States consultants spending doubles
STATES spending on consultants has doubled in the last year, it has been revealed.
Deputy Laurie Queripel submitted a series of questions on consultants to the Policy & Resources Committee in a bid to shed light on the issue.
P&R president Gavin St Pier confirmed that consultancy costs rose from £3.08m. in 2018 to £6.19m. last year.
The biggest cost was £2.46m. on scientific, research and technology consultancy. This was followed by £1.49m. for business consultants and £1.24m. on finance consultants.
The rest was spent on ICT consultants – £54,000 – and HR consultants – £460,000.
Deputy Queripel said it was important to demonstrate that consultants were good value for money.
Deputy St Pier said a procedure was followed.
‘All consulting engagements (subject to financial thresholds) are normally procured through a competitive process which outlines clearly the scope of work together with the objectives and outcomes and then appraises any responses from both a quality and cost perspective,’ he said.
‘Any such assignments will also have an officer identified as the contract owner whose responsibility is to manage the consultant and ensure the outcomes are delivered for the agreed costs.’
Deputy Queripel said there was a perception among the public that consultants were appointed too often, but Deputy St Pier said there was a policy document, which ensured they were only used when appropriate.
‘There are however many reasons and circumstances in which consultants are used and, for the most part, consultants are used only in circumstances where the States does not have the required skill, experience or capacity to perform the task,’ he said.
‘It is also worth noting that the use of consultants in certain circumstances helps prevent unnecessary creep on ongoing employment costs as we only engage them when their skill is required. This is particularly the case where a task may need to be performed infrequently and periodically, but it is not an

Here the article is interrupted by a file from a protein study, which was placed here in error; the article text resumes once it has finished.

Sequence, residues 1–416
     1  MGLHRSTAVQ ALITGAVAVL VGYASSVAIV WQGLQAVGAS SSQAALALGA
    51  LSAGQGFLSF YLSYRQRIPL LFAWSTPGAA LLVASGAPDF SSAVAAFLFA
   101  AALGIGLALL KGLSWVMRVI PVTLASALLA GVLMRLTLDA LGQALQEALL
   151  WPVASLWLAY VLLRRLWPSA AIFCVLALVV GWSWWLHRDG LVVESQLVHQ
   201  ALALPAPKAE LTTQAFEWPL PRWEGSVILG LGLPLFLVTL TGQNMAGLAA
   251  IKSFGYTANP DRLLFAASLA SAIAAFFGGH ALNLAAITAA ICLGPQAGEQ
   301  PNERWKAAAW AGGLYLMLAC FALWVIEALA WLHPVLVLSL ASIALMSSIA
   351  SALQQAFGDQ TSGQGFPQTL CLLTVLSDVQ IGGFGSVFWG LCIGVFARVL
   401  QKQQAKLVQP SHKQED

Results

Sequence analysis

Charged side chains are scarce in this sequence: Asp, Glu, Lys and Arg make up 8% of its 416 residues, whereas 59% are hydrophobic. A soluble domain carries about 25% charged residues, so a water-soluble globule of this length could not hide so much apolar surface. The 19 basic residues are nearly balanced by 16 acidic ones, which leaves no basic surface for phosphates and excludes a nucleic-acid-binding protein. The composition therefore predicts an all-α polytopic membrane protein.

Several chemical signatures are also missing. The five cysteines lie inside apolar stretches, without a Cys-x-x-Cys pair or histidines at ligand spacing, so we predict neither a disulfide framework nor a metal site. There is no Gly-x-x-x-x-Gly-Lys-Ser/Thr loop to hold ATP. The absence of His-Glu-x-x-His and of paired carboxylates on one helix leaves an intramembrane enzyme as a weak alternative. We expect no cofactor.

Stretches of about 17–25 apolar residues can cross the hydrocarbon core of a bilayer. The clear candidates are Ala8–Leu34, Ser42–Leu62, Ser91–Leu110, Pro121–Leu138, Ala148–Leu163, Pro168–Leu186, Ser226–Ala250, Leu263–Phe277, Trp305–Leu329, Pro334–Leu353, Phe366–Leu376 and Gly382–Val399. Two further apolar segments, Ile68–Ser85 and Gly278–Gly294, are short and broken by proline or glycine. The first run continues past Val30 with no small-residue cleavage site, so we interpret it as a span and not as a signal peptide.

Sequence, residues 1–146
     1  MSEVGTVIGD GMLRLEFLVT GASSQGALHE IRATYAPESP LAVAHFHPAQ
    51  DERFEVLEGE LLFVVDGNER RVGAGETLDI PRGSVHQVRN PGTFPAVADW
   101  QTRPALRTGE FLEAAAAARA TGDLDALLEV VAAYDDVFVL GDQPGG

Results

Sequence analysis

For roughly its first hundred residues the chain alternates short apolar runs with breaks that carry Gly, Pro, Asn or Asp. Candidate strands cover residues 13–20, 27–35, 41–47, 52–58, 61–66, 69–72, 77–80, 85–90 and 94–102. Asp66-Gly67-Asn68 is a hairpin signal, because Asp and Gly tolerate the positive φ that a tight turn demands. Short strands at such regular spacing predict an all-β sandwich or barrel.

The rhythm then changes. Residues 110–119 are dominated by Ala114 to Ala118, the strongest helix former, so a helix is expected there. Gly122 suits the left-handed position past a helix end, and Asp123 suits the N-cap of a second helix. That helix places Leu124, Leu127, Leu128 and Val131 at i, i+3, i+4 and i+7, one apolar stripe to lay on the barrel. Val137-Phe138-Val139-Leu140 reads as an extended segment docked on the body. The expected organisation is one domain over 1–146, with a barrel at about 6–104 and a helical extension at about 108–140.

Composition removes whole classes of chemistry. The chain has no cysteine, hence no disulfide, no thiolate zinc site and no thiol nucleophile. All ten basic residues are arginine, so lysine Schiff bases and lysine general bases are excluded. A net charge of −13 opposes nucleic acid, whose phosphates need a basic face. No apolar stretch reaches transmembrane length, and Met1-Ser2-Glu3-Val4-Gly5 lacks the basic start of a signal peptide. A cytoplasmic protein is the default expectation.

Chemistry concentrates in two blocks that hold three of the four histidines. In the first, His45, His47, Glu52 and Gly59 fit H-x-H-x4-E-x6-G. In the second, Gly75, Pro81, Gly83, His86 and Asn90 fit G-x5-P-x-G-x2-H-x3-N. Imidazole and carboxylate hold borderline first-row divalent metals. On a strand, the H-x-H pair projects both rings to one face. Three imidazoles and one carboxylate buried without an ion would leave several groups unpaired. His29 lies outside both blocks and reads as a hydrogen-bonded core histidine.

ongoing requirement that can justify employing someone full-time.’
Deputy Queripel said that with so many islanders with a wide range of knowledge, P&R should be looking closer to home for expertise.
Deputy St Pier responded, saying that through networks that exist among individuals across the civil service and, more broadly, those of deputies and industry based organisations, they were satisfied that, on the whole, P&R was able to reach and access existing knowledge, expertise and experience in many cases.
‘The States is in a fortunate position that many individuals based within the community proactively come forward and offer their services on various initiatives,’ he said.
‘In addition, our procurement policy states a preference to use local resource where possible and the evaluation criteria used does include a section which allows for benefit to the local economy to be assessed and scored.’